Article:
In the APVCD chambers 202, capping layers can then be deposited over the mesoporous oxide layers on the substrates. For example, reactant gases for plasma enhanced APCVD processes may be fed to one of the plasma chambers 201. When the gases are in the plasma chamber 201, ionizing energy may be applied to the gases to form a plasma. The ions from the plasma pass downstream of the plasma chamber 201 to the processing chamber 202. Once the ionized process gases are in the processing chamber 202, they contact the surfaces of the substrates and react on the surfaces to form layers of material on the substrates. The substrates may be moving during the deposition process to improve the thickness uniformity of the deposited layers. Capping layers are then formed on the mesoporous oxide layers on the substrates. The processing chamber 202 is at or near atmospheric pressure during the deposition process.

In other embodiments, a plasma need not be formed in the APCVD process. Illustratively, a silicon nitride capping layer can be formed on a mesoporous oxide layer without forming a plasma. The silicon nitride capping layer may be formed using silane and ammonia process gases. These gases can be introduced to a processing chamber and can react at the surface of the mesoporous oxide layer on the substrate in the chamber. The substrate temperature may be at about 700 to about 900° C. during deposition. A silicon nitride capping layer is subsequently formed on the mesoporous oxide layer. In this embodiment, the reactant gases need not be ionized to form the capping layer on the substrate. During the deposition process, the chamber may contain inert gases and may be at or near atmospheric pressure.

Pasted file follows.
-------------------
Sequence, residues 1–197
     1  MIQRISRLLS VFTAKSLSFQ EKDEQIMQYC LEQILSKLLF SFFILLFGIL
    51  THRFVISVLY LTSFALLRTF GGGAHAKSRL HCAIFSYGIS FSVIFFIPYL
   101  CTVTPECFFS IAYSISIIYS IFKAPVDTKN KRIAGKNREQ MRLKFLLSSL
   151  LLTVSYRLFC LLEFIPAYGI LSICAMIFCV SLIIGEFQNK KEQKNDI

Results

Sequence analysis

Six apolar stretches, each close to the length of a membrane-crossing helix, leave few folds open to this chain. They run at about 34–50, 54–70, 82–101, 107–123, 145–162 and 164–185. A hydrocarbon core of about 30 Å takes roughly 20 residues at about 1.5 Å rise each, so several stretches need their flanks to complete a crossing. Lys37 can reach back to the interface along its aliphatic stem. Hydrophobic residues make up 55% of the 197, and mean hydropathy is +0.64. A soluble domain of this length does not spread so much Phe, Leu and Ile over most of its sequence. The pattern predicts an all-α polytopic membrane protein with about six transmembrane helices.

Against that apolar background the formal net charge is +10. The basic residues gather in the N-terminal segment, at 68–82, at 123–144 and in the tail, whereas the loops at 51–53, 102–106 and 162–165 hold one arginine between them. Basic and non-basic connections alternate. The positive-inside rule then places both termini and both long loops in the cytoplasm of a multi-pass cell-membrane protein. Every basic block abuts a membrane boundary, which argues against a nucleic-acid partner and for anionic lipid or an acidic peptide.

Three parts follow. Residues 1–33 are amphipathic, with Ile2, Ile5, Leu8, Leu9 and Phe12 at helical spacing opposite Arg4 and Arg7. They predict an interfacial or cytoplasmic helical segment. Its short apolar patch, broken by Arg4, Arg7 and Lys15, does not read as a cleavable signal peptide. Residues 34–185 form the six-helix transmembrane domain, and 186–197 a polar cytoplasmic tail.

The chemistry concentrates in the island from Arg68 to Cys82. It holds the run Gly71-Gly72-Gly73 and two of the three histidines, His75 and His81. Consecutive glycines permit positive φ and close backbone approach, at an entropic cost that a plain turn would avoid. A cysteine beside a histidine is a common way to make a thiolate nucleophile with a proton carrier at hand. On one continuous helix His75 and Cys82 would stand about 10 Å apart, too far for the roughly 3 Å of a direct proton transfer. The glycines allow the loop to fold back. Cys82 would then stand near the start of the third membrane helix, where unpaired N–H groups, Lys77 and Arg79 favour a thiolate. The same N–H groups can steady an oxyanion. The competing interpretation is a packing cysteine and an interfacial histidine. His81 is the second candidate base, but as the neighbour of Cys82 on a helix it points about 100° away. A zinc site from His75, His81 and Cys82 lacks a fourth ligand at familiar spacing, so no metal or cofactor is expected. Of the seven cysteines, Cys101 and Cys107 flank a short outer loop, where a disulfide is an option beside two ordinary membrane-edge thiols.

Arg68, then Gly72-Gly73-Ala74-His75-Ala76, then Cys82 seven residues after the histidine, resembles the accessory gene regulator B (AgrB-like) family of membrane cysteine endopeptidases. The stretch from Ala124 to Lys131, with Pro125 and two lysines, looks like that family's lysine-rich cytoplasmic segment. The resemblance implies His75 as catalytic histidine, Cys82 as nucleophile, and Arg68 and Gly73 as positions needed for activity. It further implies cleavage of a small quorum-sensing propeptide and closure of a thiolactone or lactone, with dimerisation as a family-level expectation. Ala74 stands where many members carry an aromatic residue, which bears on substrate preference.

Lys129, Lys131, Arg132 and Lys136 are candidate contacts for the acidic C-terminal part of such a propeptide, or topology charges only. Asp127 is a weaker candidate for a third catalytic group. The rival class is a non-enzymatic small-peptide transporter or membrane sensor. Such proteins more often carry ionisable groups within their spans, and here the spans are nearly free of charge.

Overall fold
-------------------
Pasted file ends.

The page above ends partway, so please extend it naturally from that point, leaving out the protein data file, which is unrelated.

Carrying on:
Although mesoporous oxide layer and capping layers are described in detail above, it is understood that embodiments of the invention are not limited to the formation of such layers on a substrate. Embodiments of the invention can be used to form any suitable combination of layers on a substrate.

The terms and expressions which have been employed herein are used as terms of description and not of limitation, and there is no intention in the use of such terms and expressions of excluding equivalents of the features shown and described, or portions thereof, it being recognized that various modifications are possible within the scope of the invention claimed. Moreover, any one or more features of any embodiment of the invention may be combined with any one or more other features of any other embodiment of the invention, without departing from the scope of the invention.

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Classifications
U.S. Classification118/719, 204/298.25, 156/345.32, 414/939, 156/345.31
International ClassificationH01L21/00, C23C16/54, C30B25/08
Cooperative ClassificationY10S414/139, C30B25/08, H01L21/67167, C23C16/54, H01L21/67184
European ClassificationH01L21/67S2Z4, H01L21/67S2Z2C, C23C16/54, C30B25/08